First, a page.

COP 26: Just Transition Fail
November 18th 2021
The Paris Agreement introduced a new concept into the climate lexicon: a just transition. This concept roughly defined is that we need to consider the needs of workers, communities, and consumers – basically, the human element – as we transition to an economy that allows us to limit global warming to the Paris Agreement’s 1.5°C target. A statement at COP 26 was issued in support of a just transition.
The principal reason for promoting a just transition is that many commentators are concerned the climate transition will fail if we do not adequately consider and integrate social factors. This concern presented itself front and centre at the final plenary session of COP 26 when China and India chastised developed countries for pushing to phase out coal without adequately compensating for loss and damage suffered from climate impacts in developing states.
Paragraph 36 of the original Glasgow Climate Pact ‘Calls upon Parties to accelerate the development, deployment and dissemination of technologies, and the adoption of policies, to transition towards low-emission energy systems, including by rapidly scaling up the deployment of clean power generation and energy efficiency measures, including accelerating efforts towards the phase-out of unabated coal power and inefficient fossil fuel subsidies, recognizing the need for support towards a just transition.’ The agreed version of the text referred to phasing down rather than phasing out coal.
Knowing now what we do about the ensuing discussions between developed and less developed states, it is not surprising that the original wording did not pass. There was a fundamental difference of understanding when it came to the allocation of the global ‘carbon budget’. Whilst developed nations pointed to India and China as currently emitting large proportions of the total amount of the world’s carbon, many developing nations pointed to the historic emissions of the developed states over the past centuries that allowed for their economic growth.
Consequently, developed states pushed for phasing out coal without addressing the needs of less developed states to provide jobs, resources, and human rights protections for their populations. Coal is seen as an important source of jobs and economic development in many countries, notwithstanding evidence that renewables are already the cheapest source of new electricity in 90% of the world. Without allowing for provision to compensate countries for potential losses in these areas and for social and environmental loss that has already taken place due to climate change, many developing states were not prepared to make the sacrifice requested. Not having had their needs met, many less developed states revolted and required a watering down of the language on phasing out coal.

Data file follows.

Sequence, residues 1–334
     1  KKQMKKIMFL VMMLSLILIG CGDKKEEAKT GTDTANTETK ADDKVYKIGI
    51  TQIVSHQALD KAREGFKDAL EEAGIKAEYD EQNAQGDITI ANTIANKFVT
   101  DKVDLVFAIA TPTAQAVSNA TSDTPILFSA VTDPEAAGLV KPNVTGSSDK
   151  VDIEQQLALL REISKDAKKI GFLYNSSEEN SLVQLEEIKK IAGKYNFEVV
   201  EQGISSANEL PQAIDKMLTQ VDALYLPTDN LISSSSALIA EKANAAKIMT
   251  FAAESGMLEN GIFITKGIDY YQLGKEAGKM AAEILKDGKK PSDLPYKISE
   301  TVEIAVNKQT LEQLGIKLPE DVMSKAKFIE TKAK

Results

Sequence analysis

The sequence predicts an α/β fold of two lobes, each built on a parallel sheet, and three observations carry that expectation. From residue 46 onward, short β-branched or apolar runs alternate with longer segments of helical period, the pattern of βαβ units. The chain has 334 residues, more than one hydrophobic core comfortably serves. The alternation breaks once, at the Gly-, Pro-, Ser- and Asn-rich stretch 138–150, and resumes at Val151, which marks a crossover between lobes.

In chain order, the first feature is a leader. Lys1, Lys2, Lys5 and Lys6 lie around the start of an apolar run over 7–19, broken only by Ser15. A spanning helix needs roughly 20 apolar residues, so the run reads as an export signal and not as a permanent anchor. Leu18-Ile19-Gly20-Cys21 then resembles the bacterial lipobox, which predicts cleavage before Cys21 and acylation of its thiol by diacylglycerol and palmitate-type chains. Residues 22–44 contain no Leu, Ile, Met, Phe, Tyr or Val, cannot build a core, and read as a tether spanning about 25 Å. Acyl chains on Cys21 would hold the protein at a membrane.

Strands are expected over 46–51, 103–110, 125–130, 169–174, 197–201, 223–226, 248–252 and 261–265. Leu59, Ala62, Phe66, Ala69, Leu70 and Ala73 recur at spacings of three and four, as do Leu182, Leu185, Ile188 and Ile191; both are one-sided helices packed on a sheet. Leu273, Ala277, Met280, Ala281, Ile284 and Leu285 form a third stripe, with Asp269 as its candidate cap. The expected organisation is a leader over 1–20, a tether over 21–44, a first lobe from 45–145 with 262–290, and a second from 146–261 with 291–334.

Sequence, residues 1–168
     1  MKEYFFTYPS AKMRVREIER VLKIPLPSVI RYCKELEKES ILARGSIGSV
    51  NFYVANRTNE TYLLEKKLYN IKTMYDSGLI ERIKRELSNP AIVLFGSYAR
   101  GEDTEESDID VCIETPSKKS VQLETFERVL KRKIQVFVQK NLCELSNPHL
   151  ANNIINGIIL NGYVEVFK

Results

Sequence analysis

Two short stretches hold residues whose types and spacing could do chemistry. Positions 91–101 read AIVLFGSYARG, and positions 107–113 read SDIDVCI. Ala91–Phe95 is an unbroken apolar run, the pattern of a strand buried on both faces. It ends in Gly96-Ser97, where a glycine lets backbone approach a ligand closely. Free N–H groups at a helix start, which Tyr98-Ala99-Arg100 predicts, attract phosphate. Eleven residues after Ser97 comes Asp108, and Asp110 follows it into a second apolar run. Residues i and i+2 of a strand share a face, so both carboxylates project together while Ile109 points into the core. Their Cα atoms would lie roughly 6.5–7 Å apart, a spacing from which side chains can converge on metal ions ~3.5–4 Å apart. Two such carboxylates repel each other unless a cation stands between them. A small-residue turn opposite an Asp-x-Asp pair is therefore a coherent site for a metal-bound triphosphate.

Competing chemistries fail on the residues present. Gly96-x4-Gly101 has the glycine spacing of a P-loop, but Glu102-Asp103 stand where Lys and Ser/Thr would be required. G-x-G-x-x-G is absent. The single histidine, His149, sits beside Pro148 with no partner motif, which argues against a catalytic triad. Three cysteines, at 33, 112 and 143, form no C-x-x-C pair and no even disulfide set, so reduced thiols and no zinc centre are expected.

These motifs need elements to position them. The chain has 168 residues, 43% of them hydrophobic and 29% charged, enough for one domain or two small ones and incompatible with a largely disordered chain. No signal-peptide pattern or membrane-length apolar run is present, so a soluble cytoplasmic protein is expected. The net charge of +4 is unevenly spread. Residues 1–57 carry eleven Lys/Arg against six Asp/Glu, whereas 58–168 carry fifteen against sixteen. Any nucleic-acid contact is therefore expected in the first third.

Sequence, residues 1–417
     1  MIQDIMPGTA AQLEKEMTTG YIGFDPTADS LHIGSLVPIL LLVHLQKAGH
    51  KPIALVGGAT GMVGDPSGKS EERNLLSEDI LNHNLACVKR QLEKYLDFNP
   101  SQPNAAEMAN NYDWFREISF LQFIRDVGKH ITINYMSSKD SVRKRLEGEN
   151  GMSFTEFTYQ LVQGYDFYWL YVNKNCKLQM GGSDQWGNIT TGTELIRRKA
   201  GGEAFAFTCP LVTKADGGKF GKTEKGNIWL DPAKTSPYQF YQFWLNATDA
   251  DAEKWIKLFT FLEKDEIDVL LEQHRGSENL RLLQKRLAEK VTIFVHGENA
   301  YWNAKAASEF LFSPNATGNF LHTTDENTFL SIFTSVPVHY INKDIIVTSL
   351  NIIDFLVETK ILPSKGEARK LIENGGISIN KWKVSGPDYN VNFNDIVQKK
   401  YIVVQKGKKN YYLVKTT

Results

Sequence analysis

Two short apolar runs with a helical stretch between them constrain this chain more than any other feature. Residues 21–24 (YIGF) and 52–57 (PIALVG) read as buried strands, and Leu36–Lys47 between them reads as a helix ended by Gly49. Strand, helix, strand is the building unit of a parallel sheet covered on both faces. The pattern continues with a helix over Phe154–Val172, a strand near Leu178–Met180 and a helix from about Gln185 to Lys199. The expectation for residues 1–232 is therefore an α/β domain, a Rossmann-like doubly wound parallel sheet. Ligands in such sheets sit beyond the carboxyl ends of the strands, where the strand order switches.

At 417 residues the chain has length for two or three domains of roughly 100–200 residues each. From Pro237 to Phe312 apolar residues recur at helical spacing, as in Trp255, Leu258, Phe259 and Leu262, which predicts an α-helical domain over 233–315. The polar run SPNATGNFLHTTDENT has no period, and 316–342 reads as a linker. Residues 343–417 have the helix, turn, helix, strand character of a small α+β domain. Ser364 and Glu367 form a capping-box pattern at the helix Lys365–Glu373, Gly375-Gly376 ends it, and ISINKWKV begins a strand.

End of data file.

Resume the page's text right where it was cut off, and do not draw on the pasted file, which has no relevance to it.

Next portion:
In other words, the crux of the disappointment with the COP 26 outcome was a just transition fail. This outcome further amplifies the need for a just transition.
It is clear from the stance taken by developed states that they have failed to commit to a just transition, either through a failure to understand the concept or a failure of political will. These states had an opportunity to establish funding packages that would compensate the less developed states for loss and damage from climate impacts caused by more developed states but did not do so.
This outcome is a lesson for investors. Focusing solely on technological solutions and negotiated outcomes, especially those set through developed state parameters, will only take us so far; this approach will not allow us to reach the Paris Agreement’s, and now the Glasgow Pact’s, 1.5°C target. Investors must consider the social impacts of any climate transition and put their money where their mouths are in supporting a just transition. This is particularly the case now because their governments’ COP 26 failure to support a just transition makes reaching the Paris 1.5°C target that much more unlikely and makes it much more likely that investor money spent in the interest of climate mitigation and adaptation without a genuine commitment to a just transition will be wasted.